The child didn’t look right to her. His eyes seemed glassy, the lids heavy. Too heavy. Could the man have given him something?

She became conscious of the weight in her hand. The lion. She looked at it in bewilderment. Oh Lord, it was the metal statuette from the table. How did it get into her hand?

One moment, it had still been … an ordinary Saturday. The German tour group were out for the day. Luckily. She’d finished early with the rooms, helped Nathali in the kitchen and then it was tjaila time. Putting away her cleaning stuff, she discovered the mop was missing. She must’ve left it somewhere. Room 9, perhaps. It was the last one she’d cleaned.

She’d knocked as usual, called out ‘Housekeeping!’ But the storm muffled the sound. A rattling that shook you to your bones. She’d unlocked the door, entered the room.

The man inside had heard nothing. Sitting there shirtless, his underpants down and his swollen thing sticking up, like an adder in his lap, his fingers around the child’s neck. Forcing the child’s head down, down, down.

Something terrible inside her tore loose. She’d grabbed the first thing that came to hand. Aimed for the back of his head.

Stupefied, Kytie looked at the bloodstained ornament in her hand. She let go, dropped it on the thick carpet. ‘Come!’ she said, reaching for the child’s hand.

But he jerked away from her. The towel slipped off, revealing the puny body – hollow ribs, knobbly shoulders, marks on the tummy and … only then did she notice the chubby folds between the legs.

The child was a girl!

Kytie retracted her hand. There was blood on it, she saw now. Stains on her wrists.

Dear Jesus, what had she done?


You had no choice, Kytie, you had to. You saw what was happening here, you had to!

She got her breath back, quickly wiped down her arms – using her apron, which she’d hurriedly untied. She had to get out of here. Right now. ‘I’m not going to hurt you,’ she said as she rubbed. ‘We have to get away from this bad man, you hear me?’ The child backed away, her breathing shallow and fast, a terrified little bird.

Any moment now the child would scream, Kytie realised. She’d have to do something. Fast. She felt an uncontrollable urge to run. Just run away. Into the open veld. But the child. This whole mess of a business was because of this child!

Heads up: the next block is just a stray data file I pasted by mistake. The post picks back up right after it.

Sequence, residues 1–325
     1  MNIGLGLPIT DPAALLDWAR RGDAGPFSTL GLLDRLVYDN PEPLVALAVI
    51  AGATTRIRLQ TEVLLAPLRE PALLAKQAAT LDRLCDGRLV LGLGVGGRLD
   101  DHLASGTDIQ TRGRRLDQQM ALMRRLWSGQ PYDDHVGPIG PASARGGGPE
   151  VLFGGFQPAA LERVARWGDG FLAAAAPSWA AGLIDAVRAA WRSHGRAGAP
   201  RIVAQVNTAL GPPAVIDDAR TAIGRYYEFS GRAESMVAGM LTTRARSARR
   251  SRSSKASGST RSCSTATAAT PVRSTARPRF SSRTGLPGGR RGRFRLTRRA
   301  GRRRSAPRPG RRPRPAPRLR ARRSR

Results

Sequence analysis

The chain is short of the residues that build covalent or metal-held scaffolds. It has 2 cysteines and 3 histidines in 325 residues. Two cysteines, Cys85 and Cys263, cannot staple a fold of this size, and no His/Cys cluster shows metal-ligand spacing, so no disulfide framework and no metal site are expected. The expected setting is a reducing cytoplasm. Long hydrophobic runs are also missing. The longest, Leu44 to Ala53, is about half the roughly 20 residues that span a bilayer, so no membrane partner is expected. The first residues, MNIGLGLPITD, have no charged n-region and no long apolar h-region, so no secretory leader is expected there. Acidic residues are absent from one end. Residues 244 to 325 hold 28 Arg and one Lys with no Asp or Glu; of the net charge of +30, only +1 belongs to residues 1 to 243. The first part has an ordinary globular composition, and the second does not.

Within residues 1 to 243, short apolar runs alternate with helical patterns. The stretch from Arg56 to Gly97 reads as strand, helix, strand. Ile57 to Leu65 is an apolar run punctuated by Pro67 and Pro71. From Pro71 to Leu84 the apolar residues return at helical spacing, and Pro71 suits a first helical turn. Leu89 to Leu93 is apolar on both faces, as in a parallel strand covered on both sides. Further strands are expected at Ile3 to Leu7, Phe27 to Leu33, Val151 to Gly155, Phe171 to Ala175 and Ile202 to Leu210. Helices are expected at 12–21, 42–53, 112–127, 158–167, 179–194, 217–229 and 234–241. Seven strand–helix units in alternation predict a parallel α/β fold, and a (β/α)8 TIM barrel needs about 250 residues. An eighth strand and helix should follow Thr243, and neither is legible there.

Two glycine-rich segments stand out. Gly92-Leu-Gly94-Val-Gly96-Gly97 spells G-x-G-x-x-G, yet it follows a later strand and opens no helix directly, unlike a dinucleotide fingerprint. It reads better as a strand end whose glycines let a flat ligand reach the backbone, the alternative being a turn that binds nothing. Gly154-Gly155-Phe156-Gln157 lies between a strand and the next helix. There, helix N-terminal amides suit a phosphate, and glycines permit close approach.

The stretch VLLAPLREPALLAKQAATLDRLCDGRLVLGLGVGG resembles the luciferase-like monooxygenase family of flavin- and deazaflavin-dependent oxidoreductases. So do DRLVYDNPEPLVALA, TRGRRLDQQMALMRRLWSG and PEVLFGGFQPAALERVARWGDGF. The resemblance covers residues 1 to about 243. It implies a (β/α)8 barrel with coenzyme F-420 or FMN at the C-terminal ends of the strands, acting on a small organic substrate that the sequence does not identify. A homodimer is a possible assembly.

She snatched her up. The girl screamed – a reedy sound that drowned in the noise of the storm. And she fought, wriggled to escape Kytie’s arms. ‘Stop it!’ Kytie hissed. Then the child broke free, scurried towards the corner of the room where she huddled, arms clamped over her head.

Kytie glanced around her: the big double bed, a nook with a sofa and two easy chairs, the coffee table where the lion had stood, and a sliding door leading to a balcony overlooking the river.

The man was still lying in front of his chair. No sign of breathing.

And the statuette? There!

The damn thing was heavy. She picked it up and stumbled towards the sliding door. She felt her courage fail. ‘Jesus, help me,’ she said out loud. But it was in vain, she knew. The Lord was sick and tired. Of her, in particular. Her and her nonsense. He’d left her a long time ago. She’d been on her own for a long time now.

Outside, in the direction of the main house, the swimming pool lay flat under the assault of the pelting rain. Two towels had blown into the water, floating there like drowned angels, deck chairs and umbrellas lay strewn across the lawn.

She slid open the door and the rain burst in angrily. With the lion in both arms, she crossed the wet, slippery balcony and heaved the thing over the railing, watched as it plunged into the shallow water and vanished in a haze of mud, the reeds closing up again.

Back in the room, she tried moving the man, but he was far too heavy.

Leave it, she decided. Get out of here, fast.

She searched for the child’s clothing in the bathroom, found it in the rubbish bin: filthy, stinking rags. There had to be new clothes somewhere, this would’ve been included in the fee for the girl. Unless … unless the man had never intended to return her afterwards. Good God. She fetched the child and with clumsy wet fingers she dressed her in the rags. She grabbed her hand and dragged her through the front door, ran through the rain to the storeroom. Her handbag was still there.

The storeroom was dark inside and smelt of potatoes and washing powder. This was where the washing machines and the extra food supplies were kept. Kytie pushed the door closed and leant her back against it, tried to recover her breath.

Outside, a new sound was audible above the rain – a car.

She opened the door again, just a chink.

A huge four-by-four crawled slowly past the storeroom. Its wipers working at top speed, but its lights were off. The car didn’t drive on towards reception, but stopped in front of room 9. Two men jumped out, ran to the door of the room, and disappeared inside.

What now?

Oh, dear Lord, it was tickets for her!

Categories Fiction South Africa

Tags Book excerpts Book extracts Homeland Karin Brynard Penguin Random House SA Tuisland